“When we identify scoliosis early, we can often begin nonsurgical treatment to prevent the curvature from worsening and needing surgery later,” said Dr. Aki Puryear, pediatric orthopedic surgeon at Riley Children’s Health.
There are three types of scoliosis: congenital scoliosis (present at birth), neuromuscular scoliosis (caused by conditions like spina bifida and cerebral palsy) and the most common form, adolescent idiopathic scoliosis, whose cause is unknown.
How to check for scoliosis
Scoliosis screening is a routine part of physical exams during well-child visits to the pediatrician or family doctor. Scoliosis screening age varies by gender, but it typically occurs around the end of elementary school for girls and during middle school for boys. Your child’s doctor will begin with a simple “forward bend test” to check the spinal curve.
“In this test, the child bends forward as if they are going to dive into a swimming pool,” Dr. Puryear explained. “If one side of the body lifts higher than the other as they bend forward, it indicates they may have a rotational deformity.”
If a forward bend test shows a spinal curvature, your child’s doctor may order a “long film” x-ray to view your child’s entire spine. Riley Children’s Health offers EOS imaging, which captures these long images using a lower dose of radiation than traditional x-rays. These images help the doctor determine the size of the curvature. Curves 10 degrees or more are considered scoliosis.
Early intervention for scoliosis
The treatment for scoliosis depends on the degree of curvature in your child’s spine and how much more growing they have left. For instance, a girl with a 20-degree curve who’s two years past her first menstrual cycle is nearing the end of her growth. However, a boy with a 40-degree curve at 13 years old can continue to grow into his 20s and may benefit from an early intervention. For some children, it begins with simply monitoring their growth and curvature through observation.
“We use the child’s hand to monitor where they are in terms of growth, or we can mark a spot on their pelvis to follow how much they grow over time,” Dr. Puryear said. “We’ll measure them every six months to see if they’ve reached a plateau or are still growing.”
For smaller curves and less complex instances of scoliosis, your child’s doctor may suggest:
- Observation to see if the curve worsens or stays the same.
- Physical therapy to improve core strength and flexibility. Riley offers Schroth Method physical therapy, which is specifically designed to for scoliosis correction.
- Back braces for curves between 20 to 40 degrees. When worn 18 to 20 hours a day, these custom-fit back braces increase the chance of avoiding surgery by nearly a third. (Casting is available for very young children with scoliosis.)
The goal of an early intervention like a back brace is to stop spinal curvatures from worsening, and they can sometimes improve the curvature.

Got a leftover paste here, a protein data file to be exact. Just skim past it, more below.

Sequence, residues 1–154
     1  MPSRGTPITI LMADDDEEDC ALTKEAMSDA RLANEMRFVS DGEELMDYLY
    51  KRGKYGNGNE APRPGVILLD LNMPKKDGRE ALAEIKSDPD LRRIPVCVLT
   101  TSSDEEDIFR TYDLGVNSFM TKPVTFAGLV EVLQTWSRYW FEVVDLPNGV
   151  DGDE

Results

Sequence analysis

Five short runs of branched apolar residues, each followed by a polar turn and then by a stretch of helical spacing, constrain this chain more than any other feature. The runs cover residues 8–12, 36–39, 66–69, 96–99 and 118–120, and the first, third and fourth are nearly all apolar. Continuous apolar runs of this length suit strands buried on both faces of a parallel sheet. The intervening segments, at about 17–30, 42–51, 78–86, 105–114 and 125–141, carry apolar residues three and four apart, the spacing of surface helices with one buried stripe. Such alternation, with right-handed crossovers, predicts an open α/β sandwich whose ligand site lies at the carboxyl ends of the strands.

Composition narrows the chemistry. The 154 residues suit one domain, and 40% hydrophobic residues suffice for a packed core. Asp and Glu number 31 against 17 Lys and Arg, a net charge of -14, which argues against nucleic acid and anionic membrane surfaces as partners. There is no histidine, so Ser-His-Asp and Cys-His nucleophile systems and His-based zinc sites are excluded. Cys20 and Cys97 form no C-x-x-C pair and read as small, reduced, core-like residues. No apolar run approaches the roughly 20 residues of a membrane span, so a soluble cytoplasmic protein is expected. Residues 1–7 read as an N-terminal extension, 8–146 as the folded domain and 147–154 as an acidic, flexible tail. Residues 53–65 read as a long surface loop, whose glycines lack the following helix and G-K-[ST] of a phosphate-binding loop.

“If you imagine a tomato plant growing sideways, we put stakes in the ground so plant can grow straight up along the stakes, as opposed to sideways,” Dr. Puryear said. “With growing children, if we see they start to bend like a tomato plant growing sidewise, we try to stabilize them to grow straight.”
Surgical interventions for scoliosis
Surgery is an option for children with a severe spinal curve measuring more than 45 degrees that continues to progress. The goal of spinal surgery is to prevent scoliosis from worsening irreversibly into adulthood.
Spinal fusion surgery is the most common type of surgery used to treat scoliosis because it is effective and permanent. This procedure fuses together vertebrae into proper alignment and holds them in place with rods and new bone growth. The fused area will no longer bend or grow, but the vertebrae above and below this area allows for continued motion and growth.
Children must wait to undergo spinal fusion until they’re mostly done growing, so there are other options to address spine curvatures until then:
- Growing rods are surgically placed along a child’s spine to guide healthy growth. Children begin a schedule of straightening the rods every few months as they grow. Newer styles of rods allow this to be done in clinic using an external magnet rather than repeat surgeries.
- Non-fusion surgery, or “tethering,” offers more movement than fusion surgery and is growing in popularity. This type of surgery places screws in the vertebrae that are attached to a flexible tether to pull the spine into alignment. Tethering treats specific, single-curve scoliosis and relies on the child’s future growth, so it may require additional treatments.
Whether your child’s scoliosis simply needs to be monitored or requires an intervention, speak with your doctor about your concerns. Physicians who treat scoliosis see patients of every age and with every degree of curvature; they’re prepared to answer your questions.
“Parents are often most concerned about not doing anything at all and then that decision harming their child later. We all want to do the best for our children, so even if it’s a five-degree curve, we want to give you the time to voice your concerns,” Dr. Puryear said. “Our job is to understand where you’re coming from, educate you on what we think will happen and monitor it with you to make sure it isn’t a problem later.”